Tag Archives: built-in

Building your own custom-made built-in closet


I know this doesn’t fit my “husbandology” theme for my blog.  But, I just finished a cool project and wanted to post a how-to article about what I did.  So, I figured I might as well put it here!

In our new house I wanted to finish out our master closet.  It is really big, but had a lot of wasted space.  I got inspiration from an article on thesawdustdiaries.com (which Julia found on Pinterest) and wanted to do something similar.  I got a lot of good ideas and tips on building it from that site.  Here is the “before” picture.IMG_0822

Also, I must mention that I am no expert at construction or woodworking.  Any tips I give in this article is purely from what I experienced.  I am sure there are LOTS of better ways to do much of what I did.  So, if anyone who ACTUALLY knows what they are doing reads this, please don’t laugh too hard at any of my suggestions…as misguided as they may be.  :-)

Step 1: Design

I got the measurements for the room and figured out what I wanted to do with the space.  I drew it out, then changed it, then drew it out again, then changed it again, etc…  I ended up with this.

IMG_0817 IMG_0818

Step 2: Materials

Next I had to plan out what material I needed.  From reading various articles online, I decided to use 3/4″ MDF for the main construction, 1/2″ MDF for drawers,  select pine for small trim and poplar for drawer fronts.  I also wanted to make sure I wasn’t wasting boards by making the wrong cuts in the wrong places, so I planned out my cuts ahead of time…which helped me get a true list of how many I needed.  Here are my cut sheets…IMG_0819 IMG_0820 IMG_0821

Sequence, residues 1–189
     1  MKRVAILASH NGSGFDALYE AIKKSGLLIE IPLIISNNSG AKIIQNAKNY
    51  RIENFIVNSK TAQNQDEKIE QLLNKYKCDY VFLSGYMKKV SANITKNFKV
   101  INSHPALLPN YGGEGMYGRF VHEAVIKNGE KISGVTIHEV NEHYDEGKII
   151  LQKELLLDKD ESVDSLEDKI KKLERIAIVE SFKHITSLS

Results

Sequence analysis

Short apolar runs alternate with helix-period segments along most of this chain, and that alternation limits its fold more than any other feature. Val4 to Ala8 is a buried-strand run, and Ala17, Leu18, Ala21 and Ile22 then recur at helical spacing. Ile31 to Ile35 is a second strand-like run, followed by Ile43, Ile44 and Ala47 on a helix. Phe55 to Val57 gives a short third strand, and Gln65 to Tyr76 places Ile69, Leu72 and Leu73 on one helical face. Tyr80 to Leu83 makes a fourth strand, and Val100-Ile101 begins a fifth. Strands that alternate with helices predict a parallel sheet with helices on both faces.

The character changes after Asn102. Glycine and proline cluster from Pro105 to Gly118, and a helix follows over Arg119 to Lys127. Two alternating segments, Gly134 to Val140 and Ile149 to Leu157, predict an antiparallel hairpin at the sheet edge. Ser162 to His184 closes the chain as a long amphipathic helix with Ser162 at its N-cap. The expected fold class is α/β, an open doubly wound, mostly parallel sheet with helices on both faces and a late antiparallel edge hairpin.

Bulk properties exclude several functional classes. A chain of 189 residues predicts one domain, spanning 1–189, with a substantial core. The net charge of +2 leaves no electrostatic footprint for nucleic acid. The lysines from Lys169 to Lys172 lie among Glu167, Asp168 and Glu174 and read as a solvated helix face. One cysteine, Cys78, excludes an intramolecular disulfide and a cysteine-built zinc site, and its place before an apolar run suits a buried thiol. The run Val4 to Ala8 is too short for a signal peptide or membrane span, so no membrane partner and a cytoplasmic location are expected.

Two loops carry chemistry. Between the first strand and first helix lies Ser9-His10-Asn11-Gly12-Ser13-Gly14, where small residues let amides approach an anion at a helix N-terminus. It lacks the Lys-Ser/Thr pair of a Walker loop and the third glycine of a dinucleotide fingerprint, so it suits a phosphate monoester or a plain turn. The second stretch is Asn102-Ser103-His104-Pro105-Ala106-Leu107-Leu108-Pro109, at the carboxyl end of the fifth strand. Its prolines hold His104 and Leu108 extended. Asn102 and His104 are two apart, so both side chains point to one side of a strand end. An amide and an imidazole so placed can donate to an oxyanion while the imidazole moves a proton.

Here was my materials list:

3/4″ MDF 4’x8′ – 14
1/2″ MDF 4’x8′ – 7
1/8″ hardboard 4’x8′ – 7
Select Pine 1″x2″x8′ – 27
Poplar boards 1″x8″x8′ – 5
Poplar boards 1″x12″x8′ – 2
Drawer slides and pulls – 20
Dowel rods – 8
Primer (oil based) – 5 gallons
Paint (latex) – 6 gallons

One huge Home Depot trip later with a 10% off coupon (plus 5 more trips as the project went on) and I was ready to start!

Step 3: Pre-paint

MDF does not work well with water apparently.  If it gets wet, it raises the grains and makes it really rough.  So, if you want to paint it, it is best to prime with an oil based primer first.  So, to prevent having to do millions of tedious coats on the finished product, I decided to pre-prime and paint the boards first.  I knew I would still have to touch up at the end, but had hopes that it would make it easier.  This turned out to be a great call!  It was still a pain to paint, but not nearly as tedious as the final painting was.

Bare MDF boards
Primed and painted MDF boards

Step 4: Construction

This was the toughest part…physically.  I was so thankful for my Dad coming over to help as 3/4″ MDF boards are ridiculously heavy!  The closet was divided into sections, so we would cut the boards for a section at a time, then assemble that section before moving on.

Cutting the boards in the garage
We had to be very careful to get the front of each board aligned with the sides. Otherwise, the trim at the end wouldn’t sit flush.
The first section built…woohoo! :-)
The second section done!
We predrilled for all screws so we didn’t split the boards
Cutting slots to fit together the shoe cubby boards
Fitting together the shoe cubby
In order to fit the sections together tightly, we would clamp them together before screwing in place.
Initial construction done! This is the left side…
…and the right.

BTW…I just want to point out how awesome my wife is for getting me a table saw last year! Without that saw, it probably would have taken me twice as long…and wouldn’t have looked nearly as good.  It is simply amazing!  :-)

Step 5: Drawers

The drawers were THE part of the project I was most nervous about.  I didn’t want them to feel rickety or unprofessional.  Since I’ve never built them before, I was worried.  But, I was really happy that they turned out great!